How a 16th century sculptor inspired Singaporean furniture brand Cellini


d has come a long way since then. Recently, it was ranked No.1 for its customer service in the premium furniture retail sector in Singapore.

The home-grown designer brand took the top spot in a survey of over 1,600 brands across 93 categories that was conducted by the Singapore Straits Times and Statista, the world’s leading data and business intelligence portal.

“We are 36 years old this year, and right now we have 57 stores in four countries, with two factories in Indonesia and one in Malaysia. Our headquarters is in Singapore, and all the designs come from here,” Janice Tan, Cellini’s regional retail marketing director and shareholder, told Inside Retail.

Things are looking up

When the pandemic first hit the Asian markets, Tan explained that the company was preparing for the economic downturn that would follow. But, surprisingly, the lockdowns and social movement restrictions in Asia actually had a positive effect on the company’s bottomline and the whole furniture industry.

“We were bracing ourselves for any eventuality, but it turned out that as people were staying home so much, their need to furnish their homes only grew, and we saw growth in all of our markets, in Indonesia, Taiwan, Malaysia and Singapore,” she said.

The company also benefited from advanced planning in the sourcing of its raw materials. In some cases, it was even getting them ready half a year in advance.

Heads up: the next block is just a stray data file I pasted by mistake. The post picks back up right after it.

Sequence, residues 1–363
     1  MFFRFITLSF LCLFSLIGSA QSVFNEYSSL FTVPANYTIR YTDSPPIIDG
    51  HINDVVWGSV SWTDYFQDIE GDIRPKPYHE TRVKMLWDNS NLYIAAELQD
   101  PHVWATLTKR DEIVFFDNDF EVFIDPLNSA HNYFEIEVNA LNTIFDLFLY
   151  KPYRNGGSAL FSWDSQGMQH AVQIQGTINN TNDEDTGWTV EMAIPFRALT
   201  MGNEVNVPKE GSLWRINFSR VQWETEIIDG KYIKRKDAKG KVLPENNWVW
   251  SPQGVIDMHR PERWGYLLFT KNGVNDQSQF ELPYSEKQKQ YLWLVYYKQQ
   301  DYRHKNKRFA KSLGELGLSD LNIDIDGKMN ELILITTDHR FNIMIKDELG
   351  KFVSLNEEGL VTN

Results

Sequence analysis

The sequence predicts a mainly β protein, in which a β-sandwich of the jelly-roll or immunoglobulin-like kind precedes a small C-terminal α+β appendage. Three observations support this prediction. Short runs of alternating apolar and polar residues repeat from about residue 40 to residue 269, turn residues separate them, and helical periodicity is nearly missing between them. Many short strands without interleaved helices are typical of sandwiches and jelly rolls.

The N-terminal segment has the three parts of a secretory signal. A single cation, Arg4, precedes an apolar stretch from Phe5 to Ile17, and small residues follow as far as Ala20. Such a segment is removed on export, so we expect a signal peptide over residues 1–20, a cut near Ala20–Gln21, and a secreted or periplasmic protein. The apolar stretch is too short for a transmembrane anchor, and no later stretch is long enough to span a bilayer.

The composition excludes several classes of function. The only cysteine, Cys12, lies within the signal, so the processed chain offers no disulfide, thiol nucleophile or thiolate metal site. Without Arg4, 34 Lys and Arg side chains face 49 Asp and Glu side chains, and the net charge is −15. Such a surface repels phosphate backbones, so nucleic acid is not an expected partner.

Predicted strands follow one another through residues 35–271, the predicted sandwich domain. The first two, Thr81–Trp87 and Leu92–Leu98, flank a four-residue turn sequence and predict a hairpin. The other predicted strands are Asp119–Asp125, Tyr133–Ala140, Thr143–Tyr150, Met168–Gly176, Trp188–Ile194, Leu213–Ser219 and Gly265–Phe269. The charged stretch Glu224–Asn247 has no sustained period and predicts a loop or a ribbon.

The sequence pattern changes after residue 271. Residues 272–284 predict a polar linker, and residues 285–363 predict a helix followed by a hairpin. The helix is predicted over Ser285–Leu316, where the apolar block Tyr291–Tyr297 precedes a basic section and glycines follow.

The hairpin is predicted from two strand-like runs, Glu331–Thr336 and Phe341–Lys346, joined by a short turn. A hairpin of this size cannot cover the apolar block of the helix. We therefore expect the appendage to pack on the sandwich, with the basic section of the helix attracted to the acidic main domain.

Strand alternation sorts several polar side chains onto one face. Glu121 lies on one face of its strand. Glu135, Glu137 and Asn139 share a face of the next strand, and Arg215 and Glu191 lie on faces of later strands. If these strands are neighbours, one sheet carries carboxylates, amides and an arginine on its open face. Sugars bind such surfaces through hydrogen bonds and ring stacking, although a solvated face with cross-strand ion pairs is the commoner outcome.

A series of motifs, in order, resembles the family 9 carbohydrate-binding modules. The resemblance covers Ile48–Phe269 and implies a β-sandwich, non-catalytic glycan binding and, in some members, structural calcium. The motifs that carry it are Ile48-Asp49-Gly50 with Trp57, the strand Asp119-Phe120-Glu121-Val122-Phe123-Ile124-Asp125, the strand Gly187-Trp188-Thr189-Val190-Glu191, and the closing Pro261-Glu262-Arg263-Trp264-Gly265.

“With all the global logistics issues, backlogs and shipping containers not arriving at the ports, this was affecting our competitors who relied on getting their supplies from China, while our operations in Indonesia and Malaysia were always running at full capacity,” she said.

Tan explained that since Cellini is a manufacturer-cum-retailer, the impact of supply chain delays on the customer is minimised. Although the company’s profit margins have become thinner as a result of the current economic headwinds, its growth trajectory is still positive.

Nuances matter

For the uninitiated, Cellini is one of the few companies in the region that consolidates different production facilities, such as metal, solid wood, veneer fabrication, panelling, sewing, upholstery and spray painting, all under one roof. 

“We have a good mixture of state-of-the-art machinery and well-trained craftsmen who have stayed with the company for long periods of time. We have retained our employees well, and we have a low turnover rate across the board,” she added.